Next, The Economic Recovery Tax Act (ERTA) of 1981 allowed for the IRA to become universally available as a savings incentive to all workers under age 70 1/2. The Roth IRA came last, in 1997, under the Taxpayer Relief Act of 1997.

And self-directed “checkbook” IRAs are their own animals…

Investing in cryptocurrency through a third-party institution is relatively new and different, but clearly doable. More and more companies are getting on the bandwagon.

Then “unchained” IRAs are like beasts

An unchained IRA (like from Unchained Capital) is one of the more innovative ways to invest retirement funds in crypto. It’s new and deserves consideration, as long as you understand the particular issues involved in investing using this method.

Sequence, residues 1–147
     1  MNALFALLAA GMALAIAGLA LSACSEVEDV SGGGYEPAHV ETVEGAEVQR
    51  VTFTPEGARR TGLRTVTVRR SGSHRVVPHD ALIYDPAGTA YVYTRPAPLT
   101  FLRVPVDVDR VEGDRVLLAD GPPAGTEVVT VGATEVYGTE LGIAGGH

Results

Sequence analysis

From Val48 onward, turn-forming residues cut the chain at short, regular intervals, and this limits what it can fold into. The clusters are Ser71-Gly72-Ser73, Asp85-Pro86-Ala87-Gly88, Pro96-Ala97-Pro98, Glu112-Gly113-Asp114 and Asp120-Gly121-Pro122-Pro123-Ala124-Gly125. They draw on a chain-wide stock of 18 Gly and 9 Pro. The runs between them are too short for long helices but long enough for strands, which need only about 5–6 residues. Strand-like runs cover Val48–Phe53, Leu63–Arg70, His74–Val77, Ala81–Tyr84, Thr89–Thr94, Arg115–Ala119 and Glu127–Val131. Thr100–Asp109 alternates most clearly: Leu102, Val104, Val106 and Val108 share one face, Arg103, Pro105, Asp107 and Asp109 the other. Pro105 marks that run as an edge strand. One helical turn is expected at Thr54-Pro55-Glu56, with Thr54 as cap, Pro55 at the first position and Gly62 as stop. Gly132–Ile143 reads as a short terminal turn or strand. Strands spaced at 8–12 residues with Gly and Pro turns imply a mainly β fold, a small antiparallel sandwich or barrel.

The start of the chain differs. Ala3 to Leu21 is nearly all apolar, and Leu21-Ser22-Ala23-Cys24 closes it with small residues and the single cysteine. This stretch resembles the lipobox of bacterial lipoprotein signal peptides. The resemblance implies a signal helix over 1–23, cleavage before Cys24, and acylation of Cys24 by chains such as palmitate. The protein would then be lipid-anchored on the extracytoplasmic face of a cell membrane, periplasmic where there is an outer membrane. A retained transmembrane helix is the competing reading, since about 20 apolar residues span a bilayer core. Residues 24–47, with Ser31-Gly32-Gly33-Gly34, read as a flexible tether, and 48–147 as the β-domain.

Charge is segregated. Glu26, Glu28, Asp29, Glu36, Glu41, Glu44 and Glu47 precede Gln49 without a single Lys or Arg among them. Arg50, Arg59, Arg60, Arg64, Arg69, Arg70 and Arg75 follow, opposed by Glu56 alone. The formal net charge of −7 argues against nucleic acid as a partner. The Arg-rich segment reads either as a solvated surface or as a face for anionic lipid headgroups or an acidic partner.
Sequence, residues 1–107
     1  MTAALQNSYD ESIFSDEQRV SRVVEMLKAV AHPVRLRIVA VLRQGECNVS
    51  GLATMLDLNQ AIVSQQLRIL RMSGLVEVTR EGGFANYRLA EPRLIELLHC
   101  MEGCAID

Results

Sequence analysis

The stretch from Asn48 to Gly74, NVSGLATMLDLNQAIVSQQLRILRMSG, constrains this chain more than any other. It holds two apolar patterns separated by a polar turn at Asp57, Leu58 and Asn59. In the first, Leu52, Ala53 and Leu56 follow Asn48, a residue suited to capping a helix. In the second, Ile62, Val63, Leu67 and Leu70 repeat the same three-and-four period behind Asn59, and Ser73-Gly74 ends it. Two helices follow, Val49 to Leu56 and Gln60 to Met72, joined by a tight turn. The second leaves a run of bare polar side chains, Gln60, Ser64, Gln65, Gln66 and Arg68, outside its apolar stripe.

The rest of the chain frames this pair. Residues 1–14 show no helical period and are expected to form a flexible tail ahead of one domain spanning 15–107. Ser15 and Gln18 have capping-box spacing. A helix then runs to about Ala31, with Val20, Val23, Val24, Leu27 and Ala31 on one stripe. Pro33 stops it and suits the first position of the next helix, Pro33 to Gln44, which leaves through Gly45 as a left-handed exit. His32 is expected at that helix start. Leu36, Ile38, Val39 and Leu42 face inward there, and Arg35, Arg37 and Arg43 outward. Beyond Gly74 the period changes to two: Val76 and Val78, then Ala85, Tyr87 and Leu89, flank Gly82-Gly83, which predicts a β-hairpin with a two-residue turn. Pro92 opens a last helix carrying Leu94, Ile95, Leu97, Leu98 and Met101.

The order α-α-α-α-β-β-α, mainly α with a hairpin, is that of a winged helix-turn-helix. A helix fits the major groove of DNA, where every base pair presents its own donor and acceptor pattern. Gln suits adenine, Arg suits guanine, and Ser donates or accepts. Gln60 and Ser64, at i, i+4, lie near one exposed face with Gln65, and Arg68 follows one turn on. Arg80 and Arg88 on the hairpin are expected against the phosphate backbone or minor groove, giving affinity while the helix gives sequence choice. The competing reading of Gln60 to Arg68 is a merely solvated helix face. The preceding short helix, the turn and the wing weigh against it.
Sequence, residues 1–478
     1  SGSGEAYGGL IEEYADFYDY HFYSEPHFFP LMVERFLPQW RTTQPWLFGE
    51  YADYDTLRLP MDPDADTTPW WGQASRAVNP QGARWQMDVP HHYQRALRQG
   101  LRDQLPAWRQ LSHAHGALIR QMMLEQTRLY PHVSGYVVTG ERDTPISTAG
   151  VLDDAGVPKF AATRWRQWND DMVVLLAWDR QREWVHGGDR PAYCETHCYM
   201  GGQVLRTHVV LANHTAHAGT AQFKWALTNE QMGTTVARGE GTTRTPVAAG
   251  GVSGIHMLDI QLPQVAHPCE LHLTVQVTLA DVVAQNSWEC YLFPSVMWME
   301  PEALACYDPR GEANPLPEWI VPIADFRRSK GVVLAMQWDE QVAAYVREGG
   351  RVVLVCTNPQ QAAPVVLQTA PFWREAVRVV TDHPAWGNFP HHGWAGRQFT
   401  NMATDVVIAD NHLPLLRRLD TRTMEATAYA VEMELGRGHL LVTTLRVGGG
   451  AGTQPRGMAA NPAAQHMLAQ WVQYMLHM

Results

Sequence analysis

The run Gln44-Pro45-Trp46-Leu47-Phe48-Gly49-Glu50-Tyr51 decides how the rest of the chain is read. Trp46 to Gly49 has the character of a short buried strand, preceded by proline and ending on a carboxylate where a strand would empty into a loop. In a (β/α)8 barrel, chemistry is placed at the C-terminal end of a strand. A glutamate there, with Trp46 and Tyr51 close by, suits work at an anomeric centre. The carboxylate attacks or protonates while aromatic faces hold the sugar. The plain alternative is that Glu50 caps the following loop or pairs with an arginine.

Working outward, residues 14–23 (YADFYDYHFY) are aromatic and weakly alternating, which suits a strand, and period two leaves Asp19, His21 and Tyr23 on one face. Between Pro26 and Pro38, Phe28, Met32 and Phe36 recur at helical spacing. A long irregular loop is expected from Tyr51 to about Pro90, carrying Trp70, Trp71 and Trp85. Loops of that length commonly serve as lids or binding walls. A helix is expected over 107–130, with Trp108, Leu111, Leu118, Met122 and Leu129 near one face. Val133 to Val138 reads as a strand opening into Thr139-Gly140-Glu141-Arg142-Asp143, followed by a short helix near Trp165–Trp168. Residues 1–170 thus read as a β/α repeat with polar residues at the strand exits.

The 25 Most Important Cryptocurrency Terms To Know


Disclaimer: All the information provided above  and on this site is for informational purposes only and should not be considered as professional investment, legal, or tax advice. You should conduct your own research or consult with a professional financial advisor when investing.